You now have your heart set on spending the next section of your life with a French Bulldog. You know the French Bulldog is a small, toy breed that came from the ancestors of the full sized English Bulldog and the small “go to ground” rat terriers of France.
Throughout Europe the regular sized bulldog was very popular, but in the United Kingdom there were a lot of smaller bulldogs. None of these were “toy” dogs, but smaller than the English Bulldog.
It was these smaller bulldogs that were crossed with the Rat Terriers to create the “Frenchie”. Since then the French Bulldog has seen its popularity grow quickly throughout the world and particularly in the United States.
The American breeding program was established in 1885 and by 1896 they were showing the French Bulldog at the prestigious Westminster Dog Show in New York.
Today’s Frenchie is popular as a show dog and it is also popular as a companion animal. Like you, many people love them and want their pup to live as long as possible. What is the lifespan of this very popular dog and what are the factors that influence its lifespan?
French Bulldog Lifespan
The average lifespan of the French Bulldog is 10 to 12 years. For a small dog like the Frenchie, that is a normal lifespan. Larger Breeds like the St. Bernard or the Mountain dogs have a lifespan on average of eight to ten years.
There are French Bulldogs that have lived to be 18 but that not the norm. As you invest your emotions in this cute little dog, you want to know what you can do to help him live as long as possible.
Factors influencing Lifespan
The lifespan of the French Bulldog is impacted by physical characteristics and environmental factors. What these factors are for the French Bulldog specifically is our first question. Secondly, what can you do to improve your Frenchie’s odds of living a long, long life?
Physical Factors Impacting the French Bulldog’s Lifespan
Physical factors are those that are inherited by specific dogs. They could be a genetic defect or a tendency that affects the length of the French Bulldog’s life.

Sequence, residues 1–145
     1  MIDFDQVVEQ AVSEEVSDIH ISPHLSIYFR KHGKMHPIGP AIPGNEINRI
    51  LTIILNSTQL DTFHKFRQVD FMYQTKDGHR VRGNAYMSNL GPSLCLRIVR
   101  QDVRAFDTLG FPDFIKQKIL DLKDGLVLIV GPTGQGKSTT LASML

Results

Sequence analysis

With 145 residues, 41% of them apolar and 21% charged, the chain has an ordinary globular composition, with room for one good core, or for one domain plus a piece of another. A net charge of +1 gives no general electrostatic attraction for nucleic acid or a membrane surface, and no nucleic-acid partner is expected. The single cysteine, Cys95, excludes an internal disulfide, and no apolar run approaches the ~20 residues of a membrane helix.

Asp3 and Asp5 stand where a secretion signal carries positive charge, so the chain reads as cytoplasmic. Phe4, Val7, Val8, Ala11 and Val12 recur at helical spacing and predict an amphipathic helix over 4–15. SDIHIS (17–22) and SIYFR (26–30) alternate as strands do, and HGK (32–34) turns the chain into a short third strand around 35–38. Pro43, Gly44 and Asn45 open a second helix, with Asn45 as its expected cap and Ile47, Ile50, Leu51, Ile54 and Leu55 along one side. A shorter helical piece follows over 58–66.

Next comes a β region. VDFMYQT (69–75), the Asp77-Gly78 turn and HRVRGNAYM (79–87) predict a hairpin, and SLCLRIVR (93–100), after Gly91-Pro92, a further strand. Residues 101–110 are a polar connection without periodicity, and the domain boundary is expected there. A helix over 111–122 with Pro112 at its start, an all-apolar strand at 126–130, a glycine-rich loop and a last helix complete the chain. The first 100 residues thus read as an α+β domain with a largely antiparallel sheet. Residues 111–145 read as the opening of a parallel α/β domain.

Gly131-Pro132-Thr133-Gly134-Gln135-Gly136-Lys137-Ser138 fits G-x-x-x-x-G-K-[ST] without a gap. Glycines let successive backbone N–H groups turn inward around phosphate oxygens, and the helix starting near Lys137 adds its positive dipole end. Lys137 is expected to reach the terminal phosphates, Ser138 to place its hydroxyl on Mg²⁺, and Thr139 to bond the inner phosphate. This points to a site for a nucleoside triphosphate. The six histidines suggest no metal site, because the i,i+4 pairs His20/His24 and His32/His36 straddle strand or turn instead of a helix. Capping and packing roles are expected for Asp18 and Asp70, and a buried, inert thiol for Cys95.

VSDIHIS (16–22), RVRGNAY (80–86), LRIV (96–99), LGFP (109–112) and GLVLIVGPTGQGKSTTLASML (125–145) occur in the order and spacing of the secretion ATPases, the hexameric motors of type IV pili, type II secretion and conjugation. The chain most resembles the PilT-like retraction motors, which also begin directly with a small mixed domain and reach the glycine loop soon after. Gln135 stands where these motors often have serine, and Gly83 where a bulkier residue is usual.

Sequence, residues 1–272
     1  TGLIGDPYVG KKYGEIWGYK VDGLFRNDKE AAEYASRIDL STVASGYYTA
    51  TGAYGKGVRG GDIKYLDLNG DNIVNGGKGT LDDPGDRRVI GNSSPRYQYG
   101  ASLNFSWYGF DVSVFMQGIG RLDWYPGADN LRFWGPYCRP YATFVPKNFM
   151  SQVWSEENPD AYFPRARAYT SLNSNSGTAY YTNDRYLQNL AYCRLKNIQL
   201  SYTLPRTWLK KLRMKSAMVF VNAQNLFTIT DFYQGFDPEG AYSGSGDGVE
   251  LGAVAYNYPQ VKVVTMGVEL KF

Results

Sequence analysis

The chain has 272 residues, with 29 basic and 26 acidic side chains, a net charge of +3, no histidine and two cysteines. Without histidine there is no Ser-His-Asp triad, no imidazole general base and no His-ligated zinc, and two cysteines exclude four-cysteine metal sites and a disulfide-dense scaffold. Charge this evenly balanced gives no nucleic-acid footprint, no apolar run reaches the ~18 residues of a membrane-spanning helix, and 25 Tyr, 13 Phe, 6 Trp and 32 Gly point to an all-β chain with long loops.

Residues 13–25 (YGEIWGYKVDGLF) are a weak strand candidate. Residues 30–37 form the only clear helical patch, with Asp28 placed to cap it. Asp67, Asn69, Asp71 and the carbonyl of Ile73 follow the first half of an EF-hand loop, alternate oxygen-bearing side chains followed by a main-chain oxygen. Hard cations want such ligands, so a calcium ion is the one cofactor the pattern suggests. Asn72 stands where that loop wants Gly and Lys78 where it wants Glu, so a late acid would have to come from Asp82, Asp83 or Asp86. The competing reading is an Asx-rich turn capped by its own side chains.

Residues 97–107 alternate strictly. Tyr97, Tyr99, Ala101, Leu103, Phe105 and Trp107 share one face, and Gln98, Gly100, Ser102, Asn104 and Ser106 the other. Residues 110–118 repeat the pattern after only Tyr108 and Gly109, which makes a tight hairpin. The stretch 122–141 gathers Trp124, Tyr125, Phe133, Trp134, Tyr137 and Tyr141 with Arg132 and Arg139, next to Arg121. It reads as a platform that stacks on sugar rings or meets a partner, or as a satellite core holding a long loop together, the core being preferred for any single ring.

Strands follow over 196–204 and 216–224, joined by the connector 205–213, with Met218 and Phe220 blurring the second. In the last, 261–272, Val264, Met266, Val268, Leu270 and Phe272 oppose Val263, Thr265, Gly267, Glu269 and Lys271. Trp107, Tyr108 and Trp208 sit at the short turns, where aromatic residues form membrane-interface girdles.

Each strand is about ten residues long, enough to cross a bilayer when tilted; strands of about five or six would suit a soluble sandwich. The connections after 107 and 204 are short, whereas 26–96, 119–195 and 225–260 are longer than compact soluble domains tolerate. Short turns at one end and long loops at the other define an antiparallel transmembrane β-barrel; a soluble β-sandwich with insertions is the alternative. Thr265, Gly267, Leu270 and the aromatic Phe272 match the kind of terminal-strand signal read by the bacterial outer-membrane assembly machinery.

In determining the lifespan of your French Bulldog, you need to know the health history of the breed and the health history of your dog’s parents and grandparents.
The physical factors that plague the breed and impact how long they live:
- The French Bulldog has a Brachycephalic facial structure and more often suffers from Brachycephalic Airway Syndrome. Many small breeds suffer from the same smashed in facial structure. Those breeds tend to be even smaller than the Frenchie by weight. This facial structure leads to breathing issues as well as laryngeal collapse, narrow nasal cavities and an elongated soft palate. The compressed bones and cartilage in the dog’s face make him susceptible to many breathing difficulties. The French Bulldog has difficulty after just a short time of exercising or in hot weather. They also have difficulty with the pressure in airplane cabins. Surgery might also be needed for a Frenchie to breath well and lead a quality life.
- Spine issues including malformations, disc disease and hemivertebrae. These issues can cause neurological concerns or be caused by neurological issues. Discs can be herniated or ruptured. Vertebrae can be deformed, fused or wedge shaped. These issues can be painful and crippling.